Everything about the movie is phenomenal. The cinematography was, to me, the most impressive aspect of the movie, story aside. When he spoke to our class, the director talked about being on horseback and how difficult it was to ride with camera. Many of the shots in the film are shaky and bouncy which often ruins student films. But he (and the editor, who did an amazing job) used the shots that traditionally would be seen as useless in a way that really showed how difficult a journey this was for the family and the film crew. The shots of Rowan in particular are amazing because (and this may not make sense) they seem to treat him gently. It always seems as though the camera and the man behind it are treating Rowan as respectfully as possible. They focus on his eyes and smile as well as his tears and far away expressions. The landscape provided really nice lighting most of the time and the colors from the native people and plants almost melt into the audience. It almost looks like you can lick the screen. Moving on...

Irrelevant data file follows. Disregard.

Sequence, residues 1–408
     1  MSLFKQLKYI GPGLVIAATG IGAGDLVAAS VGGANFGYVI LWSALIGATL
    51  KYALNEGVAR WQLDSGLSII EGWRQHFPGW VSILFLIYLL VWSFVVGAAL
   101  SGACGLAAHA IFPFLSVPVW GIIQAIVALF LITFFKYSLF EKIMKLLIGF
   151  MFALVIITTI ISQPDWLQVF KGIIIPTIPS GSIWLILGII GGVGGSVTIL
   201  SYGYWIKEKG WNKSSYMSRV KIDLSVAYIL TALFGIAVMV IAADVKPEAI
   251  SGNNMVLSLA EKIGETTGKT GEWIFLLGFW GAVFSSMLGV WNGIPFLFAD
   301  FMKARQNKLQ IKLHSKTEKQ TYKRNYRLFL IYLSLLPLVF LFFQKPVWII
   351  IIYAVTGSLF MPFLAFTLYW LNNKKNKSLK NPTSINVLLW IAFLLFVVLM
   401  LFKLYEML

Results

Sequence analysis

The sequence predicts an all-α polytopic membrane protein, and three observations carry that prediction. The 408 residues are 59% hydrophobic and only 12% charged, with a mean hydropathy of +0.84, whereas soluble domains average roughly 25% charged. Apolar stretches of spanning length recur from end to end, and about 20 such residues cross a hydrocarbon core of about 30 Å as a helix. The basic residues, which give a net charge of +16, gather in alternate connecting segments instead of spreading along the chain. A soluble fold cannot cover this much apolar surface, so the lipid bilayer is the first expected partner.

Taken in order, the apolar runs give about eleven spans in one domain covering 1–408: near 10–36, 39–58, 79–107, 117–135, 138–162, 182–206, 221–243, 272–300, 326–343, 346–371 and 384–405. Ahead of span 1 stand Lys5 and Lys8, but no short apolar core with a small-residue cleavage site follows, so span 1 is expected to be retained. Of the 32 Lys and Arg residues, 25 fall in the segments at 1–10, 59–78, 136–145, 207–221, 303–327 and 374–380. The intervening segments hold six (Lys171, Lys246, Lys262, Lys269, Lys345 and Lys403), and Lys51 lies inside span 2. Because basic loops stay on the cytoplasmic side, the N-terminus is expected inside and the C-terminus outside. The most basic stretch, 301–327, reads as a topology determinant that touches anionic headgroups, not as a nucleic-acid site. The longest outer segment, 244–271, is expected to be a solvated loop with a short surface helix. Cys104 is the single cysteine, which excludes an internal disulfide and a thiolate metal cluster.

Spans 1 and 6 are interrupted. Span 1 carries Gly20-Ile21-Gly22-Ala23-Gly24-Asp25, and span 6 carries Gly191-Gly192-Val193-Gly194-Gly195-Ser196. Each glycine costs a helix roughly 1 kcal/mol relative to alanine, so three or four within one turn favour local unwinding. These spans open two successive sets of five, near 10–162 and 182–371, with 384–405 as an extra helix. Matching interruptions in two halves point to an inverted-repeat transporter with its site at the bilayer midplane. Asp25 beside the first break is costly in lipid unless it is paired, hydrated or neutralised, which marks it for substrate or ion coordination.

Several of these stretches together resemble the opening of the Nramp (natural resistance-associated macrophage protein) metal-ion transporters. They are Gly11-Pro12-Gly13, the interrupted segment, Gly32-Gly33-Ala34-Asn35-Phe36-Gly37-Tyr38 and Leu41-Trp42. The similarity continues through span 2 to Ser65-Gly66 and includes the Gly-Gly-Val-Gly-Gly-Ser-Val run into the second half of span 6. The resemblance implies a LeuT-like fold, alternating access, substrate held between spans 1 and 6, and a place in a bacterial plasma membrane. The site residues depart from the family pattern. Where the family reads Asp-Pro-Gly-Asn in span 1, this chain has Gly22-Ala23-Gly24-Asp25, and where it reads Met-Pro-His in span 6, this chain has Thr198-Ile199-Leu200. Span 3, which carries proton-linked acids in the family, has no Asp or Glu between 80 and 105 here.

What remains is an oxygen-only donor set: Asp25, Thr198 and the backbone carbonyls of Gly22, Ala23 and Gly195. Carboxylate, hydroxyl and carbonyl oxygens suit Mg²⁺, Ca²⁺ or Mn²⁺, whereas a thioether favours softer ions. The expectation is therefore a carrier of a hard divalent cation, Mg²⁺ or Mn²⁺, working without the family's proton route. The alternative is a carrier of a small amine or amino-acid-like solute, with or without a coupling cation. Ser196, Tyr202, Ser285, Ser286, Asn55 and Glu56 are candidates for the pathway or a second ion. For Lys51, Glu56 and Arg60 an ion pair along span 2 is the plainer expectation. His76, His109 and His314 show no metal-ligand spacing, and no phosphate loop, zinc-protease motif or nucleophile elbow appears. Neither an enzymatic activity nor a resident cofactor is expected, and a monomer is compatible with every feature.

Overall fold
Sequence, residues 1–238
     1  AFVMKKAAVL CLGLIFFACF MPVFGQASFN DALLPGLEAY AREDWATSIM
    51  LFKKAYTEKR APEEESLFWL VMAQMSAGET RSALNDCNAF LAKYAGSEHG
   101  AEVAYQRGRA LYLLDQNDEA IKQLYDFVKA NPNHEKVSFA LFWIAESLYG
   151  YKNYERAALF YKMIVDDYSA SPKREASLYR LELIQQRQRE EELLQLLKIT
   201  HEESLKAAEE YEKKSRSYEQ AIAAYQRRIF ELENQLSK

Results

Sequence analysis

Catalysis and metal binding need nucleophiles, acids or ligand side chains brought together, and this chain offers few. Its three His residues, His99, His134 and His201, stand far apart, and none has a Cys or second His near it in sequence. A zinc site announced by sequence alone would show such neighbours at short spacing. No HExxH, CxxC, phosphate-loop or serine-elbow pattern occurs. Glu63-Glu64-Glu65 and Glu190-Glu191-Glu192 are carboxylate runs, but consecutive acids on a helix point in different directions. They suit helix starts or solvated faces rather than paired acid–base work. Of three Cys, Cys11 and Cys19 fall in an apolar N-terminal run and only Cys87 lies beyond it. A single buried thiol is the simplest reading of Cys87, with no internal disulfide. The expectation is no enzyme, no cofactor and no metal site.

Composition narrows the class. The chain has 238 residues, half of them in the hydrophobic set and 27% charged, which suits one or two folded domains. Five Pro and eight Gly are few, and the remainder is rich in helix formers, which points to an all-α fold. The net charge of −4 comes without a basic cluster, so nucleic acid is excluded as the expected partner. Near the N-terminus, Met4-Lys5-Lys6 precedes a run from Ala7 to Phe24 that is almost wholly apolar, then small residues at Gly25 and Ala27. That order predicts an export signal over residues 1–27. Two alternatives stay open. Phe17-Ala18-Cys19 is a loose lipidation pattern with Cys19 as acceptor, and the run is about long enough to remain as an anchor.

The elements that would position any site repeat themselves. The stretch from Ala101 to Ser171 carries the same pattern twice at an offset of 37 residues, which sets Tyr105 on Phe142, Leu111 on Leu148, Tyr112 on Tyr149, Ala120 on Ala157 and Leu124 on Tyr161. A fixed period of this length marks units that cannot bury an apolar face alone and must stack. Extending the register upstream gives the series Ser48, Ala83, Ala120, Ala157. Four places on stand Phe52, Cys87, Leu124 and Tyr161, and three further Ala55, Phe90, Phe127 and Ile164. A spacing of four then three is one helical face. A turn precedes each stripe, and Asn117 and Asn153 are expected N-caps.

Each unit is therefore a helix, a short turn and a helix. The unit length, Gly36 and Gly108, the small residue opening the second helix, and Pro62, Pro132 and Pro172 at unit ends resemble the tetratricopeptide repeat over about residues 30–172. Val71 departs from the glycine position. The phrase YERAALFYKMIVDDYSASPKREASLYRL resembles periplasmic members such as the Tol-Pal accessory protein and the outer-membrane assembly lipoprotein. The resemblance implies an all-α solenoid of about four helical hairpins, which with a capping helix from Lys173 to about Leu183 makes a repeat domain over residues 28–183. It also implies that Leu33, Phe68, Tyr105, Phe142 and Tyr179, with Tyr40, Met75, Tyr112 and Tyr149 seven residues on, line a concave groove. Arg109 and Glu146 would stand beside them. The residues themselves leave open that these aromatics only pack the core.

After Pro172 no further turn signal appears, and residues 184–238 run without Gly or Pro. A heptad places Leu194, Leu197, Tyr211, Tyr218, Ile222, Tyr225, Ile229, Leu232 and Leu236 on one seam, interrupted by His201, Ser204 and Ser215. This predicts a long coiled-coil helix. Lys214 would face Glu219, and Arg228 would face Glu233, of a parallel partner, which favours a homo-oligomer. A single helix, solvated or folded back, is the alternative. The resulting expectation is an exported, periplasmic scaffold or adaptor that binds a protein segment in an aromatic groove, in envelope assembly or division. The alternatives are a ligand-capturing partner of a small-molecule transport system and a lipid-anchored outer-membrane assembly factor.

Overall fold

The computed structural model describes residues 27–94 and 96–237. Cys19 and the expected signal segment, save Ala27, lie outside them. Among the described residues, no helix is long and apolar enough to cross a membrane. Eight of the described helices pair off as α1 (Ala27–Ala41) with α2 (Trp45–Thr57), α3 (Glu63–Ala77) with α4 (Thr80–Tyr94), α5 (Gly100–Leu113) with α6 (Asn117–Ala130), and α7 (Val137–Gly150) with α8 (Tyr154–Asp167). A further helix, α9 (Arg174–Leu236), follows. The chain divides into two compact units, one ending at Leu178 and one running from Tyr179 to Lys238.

The story of the family is amazing, but we all know it, even if only vaguely, so I don't really want to talk about it. go see the movie!
A woman, Rita Sanders, lead the editing on the film. It's nice to see a woman as editor. Even though there are many females in the profession, that stage of film production is still a boys club. She was able to propel the story forward purposefully; it never dragged or waned. It was never uninteresting or jarring. One person even asked a question about the editing in the Q&A, which never really happens.
Michel Scott showed himself to be a thoughtful director and cinematographer by and throughout his film. It's award worthy, distribution worthy, and give-it-as-birthday-presents-to-anyonewhosaystheydontlikedocumentaries-worthy.